Want better exam results? Forget gaming and get running

Exercise significantly improves memory retention, according to new research

Running image © istock.com/visualgo. Gaming image screenshot from Counter-Strike, courtesy of Dr. Harald Kindermann.

When my children took exams, I encouraged them to study. After they had hit the books, they would often unwind by watching television, going out with friends or – as was increasingly the case at that time – playing computer games.

Did it make a difference what activity they chose after studying? I thought their choice of post-study activity could be having an impact on their performance, and I wanted to find out how the increasing interest in computer games – and hence the increasing lack of exercise in fresh air – impacts their ability to memorize facts for school.

It turns out the type of post-study activity you choose has a direct impact on your ability to retain information, regardless of how hard you think you’ve studied. Some activities – like running – will enhance your memory, while others – playing computer games – will impair it.

Running the experiment

In a new paper in Cognitive Systems Research, we investigate the effects of activities following a learning period on the “intermediate-term memory,” which is the crucial three-hour period after studying.

We carried out a pilot study that revealed more than half of the male respondents played the first-person shooter computer game Counter Strike, and 21 percent went out for a run after studying. Women’s post-study recreational activities were more diverse, so we decided to focus on men, computer games and running for the research.

We recruited 60 men aged 16-29 and asked them to complete some basic memory and learning tests, which included memorizing a route on a city map, learning foreign words and recalling facts about the construction of a library.

We then split the candidates into three groups. After the memory and learning tests, one group played Counter Strike, another went for a run, and a control group walked around outside for an hour. Our results showed that the group that went for a run after learning performed best – better than they did before the run. The control group fared worse, and the group that played Counter Strike had significantly impaired memory.

Physical stress and learning

Studies have shown that the stress hormone cortisol has an impact on our memory retention, but the picture isn’t clear: in some circumstances it helps us remember things, and in others it impairs our memory. There are two types of stress in this sense – psychological and physical – and it could be the physical stress of running improve memory retention.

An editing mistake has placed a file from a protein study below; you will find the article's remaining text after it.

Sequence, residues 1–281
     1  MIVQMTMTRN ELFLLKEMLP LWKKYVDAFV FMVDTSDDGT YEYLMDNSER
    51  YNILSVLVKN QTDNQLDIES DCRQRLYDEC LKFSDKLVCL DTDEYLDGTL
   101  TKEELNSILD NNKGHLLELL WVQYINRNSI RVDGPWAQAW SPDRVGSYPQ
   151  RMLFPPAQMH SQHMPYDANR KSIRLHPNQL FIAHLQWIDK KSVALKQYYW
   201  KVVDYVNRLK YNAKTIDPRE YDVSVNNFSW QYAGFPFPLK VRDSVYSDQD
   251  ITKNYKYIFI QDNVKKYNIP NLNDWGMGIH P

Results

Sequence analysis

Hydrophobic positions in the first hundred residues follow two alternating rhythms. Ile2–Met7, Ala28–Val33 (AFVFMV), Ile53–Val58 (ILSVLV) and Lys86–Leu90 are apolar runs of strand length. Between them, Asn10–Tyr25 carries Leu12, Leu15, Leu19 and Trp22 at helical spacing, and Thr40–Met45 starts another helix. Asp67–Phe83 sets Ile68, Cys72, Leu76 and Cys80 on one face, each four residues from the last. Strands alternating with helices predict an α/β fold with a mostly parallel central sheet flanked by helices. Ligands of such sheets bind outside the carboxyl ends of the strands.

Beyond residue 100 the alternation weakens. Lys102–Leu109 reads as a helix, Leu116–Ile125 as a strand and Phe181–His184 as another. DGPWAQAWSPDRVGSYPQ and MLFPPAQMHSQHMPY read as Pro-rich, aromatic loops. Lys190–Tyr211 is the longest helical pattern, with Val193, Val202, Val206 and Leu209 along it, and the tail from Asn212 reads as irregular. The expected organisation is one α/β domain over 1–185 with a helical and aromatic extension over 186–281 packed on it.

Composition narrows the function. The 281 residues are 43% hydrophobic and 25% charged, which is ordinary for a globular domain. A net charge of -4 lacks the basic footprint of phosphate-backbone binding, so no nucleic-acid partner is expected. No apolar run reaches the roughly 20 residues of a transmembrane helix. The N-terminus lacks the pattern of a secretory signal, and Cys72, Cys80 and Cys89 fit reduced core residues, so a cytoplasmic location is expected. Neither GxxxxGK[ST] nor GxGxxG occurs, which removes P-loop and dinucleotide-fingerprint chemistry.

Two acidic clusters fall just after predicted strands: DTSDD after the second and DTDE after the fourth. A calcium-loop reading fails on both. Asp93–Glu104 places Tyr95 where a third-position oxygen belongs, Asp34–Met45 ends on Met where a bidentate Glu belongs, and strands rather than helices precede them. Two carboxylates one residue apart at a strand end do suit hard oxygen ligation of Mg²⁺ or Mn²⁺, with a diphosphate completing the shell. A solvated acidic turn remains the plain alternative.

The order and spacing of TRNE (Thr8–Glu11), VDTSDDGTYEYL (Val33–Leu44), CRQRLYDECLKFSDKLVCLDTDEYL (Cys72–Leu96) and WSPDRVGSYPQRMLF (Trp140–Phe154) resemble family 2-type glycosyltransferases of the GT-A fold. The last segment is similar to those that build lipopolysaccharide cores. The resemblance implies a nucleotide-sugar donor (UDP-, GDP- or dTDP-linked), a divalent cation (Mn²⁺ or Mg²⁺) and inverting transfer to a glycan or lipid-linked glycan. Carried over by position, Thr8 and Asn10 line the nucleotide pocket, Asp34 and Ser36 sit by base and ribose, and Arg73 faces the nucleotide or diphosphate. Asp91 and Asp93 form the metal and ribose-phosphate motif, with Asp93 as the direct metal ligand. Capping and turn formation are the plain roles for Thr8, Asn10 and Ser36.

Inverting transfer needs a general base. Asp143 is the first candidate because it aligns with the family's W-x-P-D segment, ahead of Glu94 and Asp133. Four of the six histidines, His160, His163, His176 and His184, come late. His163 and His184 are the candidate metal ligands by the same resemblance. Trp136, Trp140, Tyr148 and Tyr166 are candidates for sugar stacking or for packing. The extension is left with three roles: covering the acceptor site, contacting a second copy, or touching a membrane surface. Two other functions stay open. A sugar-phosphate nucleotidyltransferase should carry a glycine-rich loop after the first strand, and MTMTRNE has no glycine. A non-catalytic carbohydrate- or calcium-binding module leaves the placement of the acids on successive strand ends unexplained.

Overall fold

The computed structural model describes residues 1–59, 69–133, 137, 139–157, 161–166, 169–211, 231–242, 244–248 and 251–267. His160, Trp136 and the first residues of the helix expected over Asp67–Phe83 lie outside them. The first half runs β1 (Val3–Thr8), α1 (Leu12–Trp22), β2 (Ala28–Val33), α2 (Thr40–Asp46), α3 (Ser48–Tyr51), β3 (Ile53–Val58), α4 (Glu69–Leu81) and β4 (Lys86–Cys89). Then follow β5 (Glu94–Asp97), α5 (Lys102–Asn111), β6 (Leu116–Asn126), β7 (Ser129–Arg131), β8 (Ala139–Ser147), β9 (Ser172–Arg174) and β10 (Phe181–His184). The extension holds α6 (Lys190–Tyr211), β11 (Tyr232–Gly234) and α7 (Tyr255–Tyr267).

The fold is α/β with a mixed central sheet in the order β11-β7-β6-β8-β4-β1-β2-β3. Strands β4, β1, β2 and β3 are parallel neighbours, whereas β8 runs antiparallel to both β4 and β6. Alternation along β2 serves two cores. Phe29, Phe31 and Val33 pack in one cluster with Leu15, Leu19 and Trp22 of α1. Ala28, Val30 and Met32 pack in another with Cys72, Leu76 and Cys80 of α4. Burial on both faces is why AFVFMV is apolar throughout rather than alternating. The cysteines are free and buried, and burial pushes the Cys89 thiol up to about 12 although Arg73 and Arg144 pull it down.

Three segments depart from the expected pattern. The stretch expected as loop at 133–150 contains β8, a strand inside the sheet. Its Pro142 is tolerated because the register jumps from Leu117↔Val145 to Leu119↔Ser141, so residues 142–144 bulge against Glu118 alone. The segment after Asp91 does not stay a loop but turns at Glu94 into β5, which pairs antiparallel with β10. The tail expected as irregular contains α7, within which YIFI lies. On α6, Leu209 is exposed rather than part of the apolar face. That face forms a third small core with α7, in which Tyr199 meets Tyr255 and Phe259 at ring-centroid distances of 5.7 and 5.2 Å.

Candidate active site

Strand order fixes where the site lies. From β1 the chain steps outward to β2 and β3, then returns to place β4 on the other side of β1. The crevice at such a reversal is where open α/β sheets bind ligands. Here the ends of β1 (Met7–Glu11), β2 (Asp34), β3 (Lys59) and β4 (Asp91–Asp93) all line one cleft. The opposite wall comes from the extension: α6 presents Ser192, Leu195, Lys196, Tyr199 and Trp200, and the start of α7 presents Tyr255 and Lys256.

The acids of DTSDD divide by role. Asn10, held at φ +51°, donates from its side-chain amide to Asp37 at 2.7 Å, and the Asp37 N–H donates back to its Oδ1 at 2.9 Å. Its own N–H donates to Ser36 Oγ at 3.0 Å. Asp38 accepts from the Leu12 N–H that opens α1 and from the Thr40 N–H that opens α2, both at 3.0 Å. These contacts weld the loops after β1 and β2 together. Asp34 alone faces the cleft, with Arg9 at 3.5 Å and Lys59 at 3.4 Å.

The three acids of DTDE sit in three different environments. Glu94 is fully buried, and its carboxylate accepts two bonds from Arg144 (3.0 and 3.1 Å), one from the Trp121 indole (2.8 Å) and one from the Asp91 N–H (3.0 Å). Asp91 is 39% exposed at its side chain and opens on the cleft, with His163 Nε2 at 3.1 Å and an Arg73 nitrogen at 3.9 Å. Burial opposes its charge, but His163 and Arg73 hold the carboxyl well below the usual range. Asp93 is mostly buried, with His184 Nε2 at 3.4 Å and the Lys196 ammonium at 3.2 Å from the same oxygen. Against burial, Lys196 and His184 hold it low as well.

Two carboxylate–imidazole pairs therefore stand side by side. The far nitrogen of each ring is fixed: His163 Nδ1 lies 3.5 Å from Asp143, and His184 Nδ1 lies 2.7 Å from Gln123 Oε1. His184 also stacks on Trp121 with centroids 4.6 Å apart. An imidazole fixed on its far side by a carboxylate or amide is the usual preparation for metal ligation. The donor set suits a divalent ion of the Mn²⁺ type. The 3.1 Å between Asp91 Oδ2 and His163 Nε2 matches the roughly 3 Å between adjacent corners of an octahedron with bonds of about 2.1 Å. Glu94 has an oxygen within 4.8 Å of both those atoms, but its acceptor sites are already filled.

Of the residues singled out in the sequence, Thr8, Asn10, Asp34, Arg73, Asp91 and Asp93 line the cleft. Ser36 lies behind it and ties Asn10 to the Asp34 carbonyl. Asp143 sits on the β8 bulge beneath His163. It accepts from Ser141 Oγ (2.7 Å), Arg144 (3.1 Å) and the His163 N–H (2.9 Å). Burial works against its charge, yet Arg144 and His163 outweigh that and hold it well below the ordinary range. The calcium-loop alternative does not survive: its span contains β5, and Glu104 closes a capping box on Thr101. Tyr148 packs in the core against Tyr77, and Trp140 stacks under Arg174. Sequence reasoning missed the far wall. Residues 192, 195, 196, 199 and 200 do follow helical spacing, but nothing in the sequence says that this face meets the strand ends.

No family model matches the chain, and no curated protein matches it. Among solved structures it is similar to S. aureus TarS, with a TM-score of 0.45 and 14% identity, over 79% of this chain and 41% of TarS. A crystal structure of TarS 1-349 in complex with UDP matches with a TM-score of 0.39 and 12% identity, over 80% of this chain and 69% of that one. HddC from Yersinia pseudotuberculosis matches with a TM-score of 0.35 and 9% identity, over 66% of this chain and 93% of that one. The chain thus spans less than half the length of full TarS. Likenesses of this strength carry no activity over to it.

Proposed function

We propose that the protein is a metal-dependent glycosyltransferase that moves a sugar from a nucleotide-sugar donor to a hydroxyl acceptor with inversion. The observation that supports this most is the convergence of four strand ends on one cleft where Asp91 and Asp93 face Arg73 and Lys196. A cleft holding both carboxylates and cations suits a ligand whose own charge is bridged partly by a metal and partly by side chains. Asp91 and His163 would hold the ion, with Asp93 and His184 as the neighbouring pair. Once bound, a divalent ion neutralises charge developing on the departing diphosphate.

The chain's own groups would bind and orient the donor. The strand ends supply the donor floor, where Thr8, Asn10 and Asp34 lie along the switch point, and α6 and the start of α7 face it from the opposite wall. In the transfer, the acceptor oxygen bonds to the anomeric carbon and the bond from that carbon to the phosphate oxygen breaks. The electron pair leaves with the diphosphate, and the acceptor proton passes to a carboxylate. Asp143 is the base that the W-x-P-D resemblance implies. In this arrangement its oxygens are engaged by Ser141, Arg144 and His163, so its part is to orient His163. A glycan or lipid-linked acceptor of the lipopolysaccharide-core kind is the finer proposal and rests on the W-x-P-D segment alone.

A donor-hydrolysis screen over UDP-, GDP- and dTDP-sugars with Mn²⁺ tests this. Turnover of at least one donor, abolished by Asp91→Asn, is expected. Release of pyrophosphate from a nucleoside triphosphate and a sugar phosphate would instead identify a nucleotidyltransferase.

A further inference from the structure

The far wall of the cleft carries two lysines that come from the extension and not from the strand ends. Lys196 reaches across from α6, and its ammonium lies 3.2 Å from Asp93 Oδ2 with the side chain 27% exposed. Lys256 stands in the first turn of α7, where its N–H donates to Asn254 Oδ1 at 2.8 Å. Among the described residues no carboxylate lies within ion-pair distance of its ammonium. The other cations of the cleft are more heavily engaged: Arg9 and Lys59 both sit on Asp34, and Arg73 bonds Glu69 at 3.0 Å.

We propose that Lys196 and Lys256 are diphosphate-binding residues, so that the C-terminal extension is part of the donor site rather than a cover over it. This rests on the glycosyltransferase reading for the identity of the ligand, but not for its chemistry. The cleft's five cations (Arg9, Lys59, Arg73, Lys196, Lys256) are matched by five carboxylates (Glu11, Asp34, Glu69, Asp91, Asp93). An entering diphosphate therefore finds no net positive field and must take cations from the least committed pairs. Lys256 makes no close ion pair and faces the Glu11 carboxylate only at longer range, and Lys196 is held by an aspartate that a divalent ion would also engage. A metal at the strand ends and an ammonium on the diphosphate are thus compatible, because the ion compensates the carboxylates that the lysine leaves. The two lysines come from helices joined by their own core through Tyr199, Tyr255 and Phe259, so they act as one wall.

We thought cortisol could be playing a role, either through psychological stress because of perceived threat in the game, or through the physical stress of running.

It seems that the physical stress of running switches the brain into “memory storage mode,” where it retains the information the student wants to remember. During running, the body produces more cortisol to keep the body’s systems in balance while it’s under physical stress. It’s this cortisol that could help improve memory.

Differences in memory retention in the three groups: gamers, runners and control. (This figure first appeared in Kindermann et al: “Playing counter-strike versus running: The impact of leisure time activities and cortisol on intermediate-term memory in male students,” Cognitive Systems Research (December 2016)

We recommend that anyone preparing for an exam should do moderate exercise after a period of study to improve their learning. This strategy could even be extended to educational institutions, where better coordination of physical exercise and learning subjects could enhance students’ ability to remember and therefore improve their performance in exams.

Read the study

Elsevier has made the following article freely available until January 18, 2017.

Harald Kindermann et al: “Playing counter-strikes versus running: The impact of leisure time activities and cortisol on intermediate-term memory in male students,” Cognitive Systems Research (December 2016)

Cognitive Systems Research covers all topics in the study of cognitive systems and processes, in both natural (i.e. animal and human) and artificial (such as software and robotic) systems. The journal emphasizes the integration of ideas, concepts, constructs, theories, models and techniques from multiple paradigms, perspectives, and disciplines, in the analysis, understanding, and design of cognitive and intelligent systems. Contributions describing results obtained within the traditional disciplines of cognitive science and from engineering, social sciences are also sought if such work has broader implications and relevance. The journal seeks to foster and promote the discussion of novel approaches in studying the structure, function and dynamics of cognitive and intelligent systems.



Written by

Harald Kindermann, PhD

Written by

Harald Kindermann, PhD

Dr. Harald Kindermann is Professor of Consumer Behavior at the University of Applied Sciences Upper Austria. His research interests are focused on the impact of stress and emotions on decision making. In 2008, he received funding from the Austrian government to conduct research on the influences of new media on pupils. Since then, this highly interesting and important topic has continued to influence his work.


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